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Mount Snow EB-5 investor sues federal officials

A Mexican citizen and Florida resident says the federal government is taking too long to review his visa application

DOVER—Mount Snow Resort administrators aren’t the only ones irked by the federal government’s backlogged EB-5 program.

A Florida man who sank $500,000 into the Dover resort’s foreign-investment-driven expansion project has filed suit against several federal officials, alleging a “continuing and inexcusable delay” in review of his associated visa application.

Mount Snow’s snowmaking and lodge upgrades have slowed to a crawl while the resort waits for federal approval to access $52 million in EB-5 money. But for investor Mario Kahn, the wait allegedly is taking a personal toll and could force his departure from the United States.

“The continued delay in adjudicating Mr. Kahn’s petition is causing him and his family significant harm,” Kahn’s suit says.

Kahn requested a court order directing the federal government to adjudicate his EB-5 visa petition within 15 days.

A spokesman for U.S. Citizenship and Immigration Services (USCIS) and the U.S. Department of Homeland Security, both named in Kahn’s lawsuit, said officials wouldn’t comment on active litigation.

Citizenship and Immigration Services also has declined to speak about Mount Snow’s EB-5 efforts, saying the agency doesn’t comment on specific projects.

Mount Snow’s Carinthia LP plans include the West Lake snowmaking upgrade and a new Carinthia Ski Lodge. Both are supposed to be funded via the federal EB-5 program, which allows for foreign investors to gain permanent residency by contributing to job-creating projects in the U.S.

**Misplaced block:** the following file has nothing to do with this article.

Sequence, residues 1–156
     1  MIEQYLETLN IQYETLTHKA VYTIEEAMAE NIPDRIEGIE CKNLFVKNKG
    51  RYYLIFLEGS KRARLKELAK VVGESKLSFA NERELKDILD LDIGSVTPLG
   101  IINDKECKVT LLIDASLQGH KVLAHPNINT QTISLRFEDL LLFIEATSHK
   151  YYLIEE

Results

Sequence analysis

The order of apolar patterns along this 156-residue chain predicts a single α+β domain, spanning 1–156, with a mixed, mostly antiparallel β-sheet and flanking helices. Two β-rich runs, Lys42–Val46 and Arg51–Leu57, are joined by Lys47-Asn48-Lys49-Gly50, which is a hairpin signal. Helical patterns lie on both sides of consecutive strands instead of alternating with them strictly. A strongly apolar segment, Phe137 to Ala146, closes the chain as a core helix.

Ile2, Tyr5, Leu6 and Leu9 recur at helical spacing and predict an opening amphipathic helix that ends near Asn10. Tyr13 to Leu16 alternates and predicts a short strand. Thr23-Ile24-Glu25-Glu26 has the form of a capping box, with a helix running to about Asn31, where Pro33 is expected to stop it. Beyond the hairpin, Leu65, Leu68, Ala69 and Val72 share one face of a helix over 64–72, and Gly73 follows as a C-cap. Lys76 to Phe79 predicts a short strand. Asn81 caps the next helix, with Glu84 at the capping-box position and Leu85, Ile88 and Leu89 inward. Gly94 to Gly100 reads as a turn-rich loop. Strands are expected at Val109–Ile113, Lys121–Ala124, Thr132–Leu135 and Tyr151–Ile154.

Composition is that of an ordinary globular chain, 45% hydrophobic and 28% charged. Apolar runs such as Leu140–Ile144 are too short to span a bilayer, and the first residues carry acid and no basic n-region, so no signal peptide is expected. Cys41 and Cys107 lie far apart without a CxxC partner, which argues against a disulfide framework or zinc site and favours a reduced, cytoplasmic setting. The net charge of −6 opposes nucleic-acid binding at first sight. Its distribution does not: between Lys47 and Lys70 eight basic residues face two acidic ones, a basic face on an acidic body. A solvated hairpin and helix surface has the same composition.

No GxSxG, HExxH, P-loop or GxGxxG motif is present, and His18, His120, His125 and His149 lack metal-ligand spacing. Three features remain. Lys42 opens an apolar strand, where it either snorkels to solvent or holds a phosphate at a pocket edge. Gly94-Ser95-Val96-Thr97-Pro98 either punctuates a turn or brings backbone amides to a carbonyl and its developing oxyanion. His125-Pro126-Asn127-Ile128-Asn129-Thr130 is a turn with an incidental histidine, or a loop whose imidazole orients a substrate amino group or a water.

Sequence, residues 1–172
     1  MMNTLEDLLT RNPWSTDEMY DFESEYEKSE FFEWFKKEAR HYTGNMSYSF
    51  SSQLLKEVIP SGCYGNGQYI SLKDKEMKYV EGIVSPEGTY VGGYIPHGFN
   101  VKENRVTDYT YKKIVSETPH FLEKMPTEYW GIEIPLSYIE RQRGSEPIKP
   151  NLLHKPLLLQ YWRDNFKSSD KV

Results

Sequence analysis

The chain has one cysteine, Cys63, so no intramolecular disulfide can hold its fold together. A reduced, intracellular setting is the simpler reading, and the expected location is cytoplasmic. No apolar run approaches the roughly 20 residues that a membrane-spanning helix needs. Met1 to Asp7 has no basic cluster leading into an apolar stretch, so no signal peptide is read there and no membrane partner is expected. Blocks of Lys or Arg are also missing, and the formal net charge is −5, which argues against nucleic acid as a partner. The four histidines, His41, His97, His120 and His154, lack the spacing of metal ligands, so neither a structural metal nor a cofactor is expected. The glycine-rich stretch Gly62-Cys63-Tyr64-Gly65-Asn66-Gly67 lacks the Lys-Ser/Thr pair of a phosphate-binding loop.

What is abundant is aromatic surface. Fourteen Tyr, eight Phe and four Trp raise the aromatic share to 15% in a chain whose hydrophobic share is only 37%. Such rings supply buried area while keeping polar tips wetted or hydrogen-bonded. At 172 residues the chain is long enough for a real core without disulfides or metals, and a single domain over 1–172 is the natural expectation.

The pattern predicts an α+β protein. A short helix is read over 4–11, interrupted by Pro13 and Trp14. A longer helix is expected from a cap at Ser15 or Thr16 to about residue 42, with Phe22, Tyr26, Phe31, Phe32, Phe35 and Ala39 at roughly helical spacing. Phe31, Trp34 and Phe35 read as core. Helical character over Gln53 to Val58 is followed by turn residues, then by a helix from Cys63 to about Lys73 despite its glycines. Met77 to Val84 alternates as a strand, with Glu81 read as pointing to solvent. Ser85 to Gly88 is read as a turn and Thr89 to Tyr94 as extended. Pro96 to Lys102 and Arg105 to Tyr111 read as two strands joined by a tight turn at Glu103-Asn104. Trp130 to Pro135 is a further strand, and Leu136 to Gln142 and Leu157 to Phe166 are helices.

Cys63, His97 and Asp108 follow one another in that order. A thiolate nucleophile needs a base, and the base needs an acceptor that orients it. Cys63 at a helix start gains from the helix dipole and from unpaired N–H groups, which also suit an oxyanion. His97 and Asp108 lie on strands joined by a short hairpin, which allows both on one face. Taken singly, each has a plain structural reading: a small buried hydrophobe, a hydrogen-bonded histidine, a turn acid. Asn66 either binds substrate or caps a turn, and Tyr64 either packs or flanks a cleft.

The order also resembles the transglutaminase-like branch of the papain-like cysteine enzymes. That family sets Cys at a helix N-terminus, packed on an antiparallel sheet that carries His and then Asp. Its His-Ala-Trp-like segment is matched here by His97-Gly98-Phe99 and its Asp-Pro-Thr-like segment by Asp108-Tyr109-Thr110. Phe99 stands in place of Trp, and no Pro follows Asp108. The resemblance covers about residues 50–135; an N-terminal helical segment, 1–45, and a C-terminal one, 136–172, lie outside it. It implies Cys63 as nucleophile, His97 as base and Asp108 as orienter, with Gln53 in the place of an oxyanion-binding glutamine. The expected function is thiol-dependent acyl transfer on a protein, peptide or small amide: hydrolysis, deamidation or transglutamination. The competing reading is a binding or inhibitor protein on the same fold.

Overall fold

The EB-5 program has been attracting increased scrutiny since federal and state officials earlier this year alleged massive fraud at EB-5-funded resorts in northern Vermont. But Mount Snow administrators have taken pains to point out that they have no connection to that scandal.

Still, there are EB-5 problems at Mount Snow, as a longer-than-expected federal approval process has kept $52 million for the Carinthia LP project tied up in escrow. Administrators at Mount Snow and parent company Peak Resorts have said the project can’t move forward without that money being released.

Last month, Peak announced that Citizenship and Immigration Services had approved Mount Snow’s EB-5 plans. But the company also said that, until the federal agency also completed review of an I-526 immigrant visa petition related to the project, the $52 million would remain in escrow.

Neither a spokesman for Mount Snow nor a spokeswoman for Peak Resorts responded to requests for comment on the status of the project and the new lawsuit.

But Kahn, who resides in Weston, Fla., is speaking out via his complaint filed June 14 in U.S. District Court in Washington, D.C.

The Mexican citizen says he is an “experienced businessman” with a background in sales, management and marketing; he currently is owner and manager of an extreme-sports product company called Xtreme Planet S.A.